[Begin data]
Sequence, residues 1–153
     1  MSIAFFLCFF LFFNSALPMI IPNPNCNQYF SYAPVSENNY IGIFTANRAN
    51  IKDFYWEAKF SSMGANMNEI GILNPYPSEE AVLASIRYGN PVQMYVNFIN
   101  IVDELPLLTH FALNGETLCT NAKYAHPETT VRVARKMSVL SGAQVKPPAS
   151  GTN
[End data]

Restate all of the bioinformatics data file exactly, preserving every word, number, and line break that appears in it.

Sequence, residues 1–153
     1  MSIAFFLCFF LFFNSALPMI IPNPNCNQYF SYAPVSENNY IGIFTANRAN
    51  IKDFYWEAKF SSMGANMNEI GILNPYPSEE AVLASIRYGN PVQMYVNFIN
   101  IVDELPLLTH FALNGETLCT NAKYAHPETT VRVARKMSVL SGAQVKPPAS
   151  GTN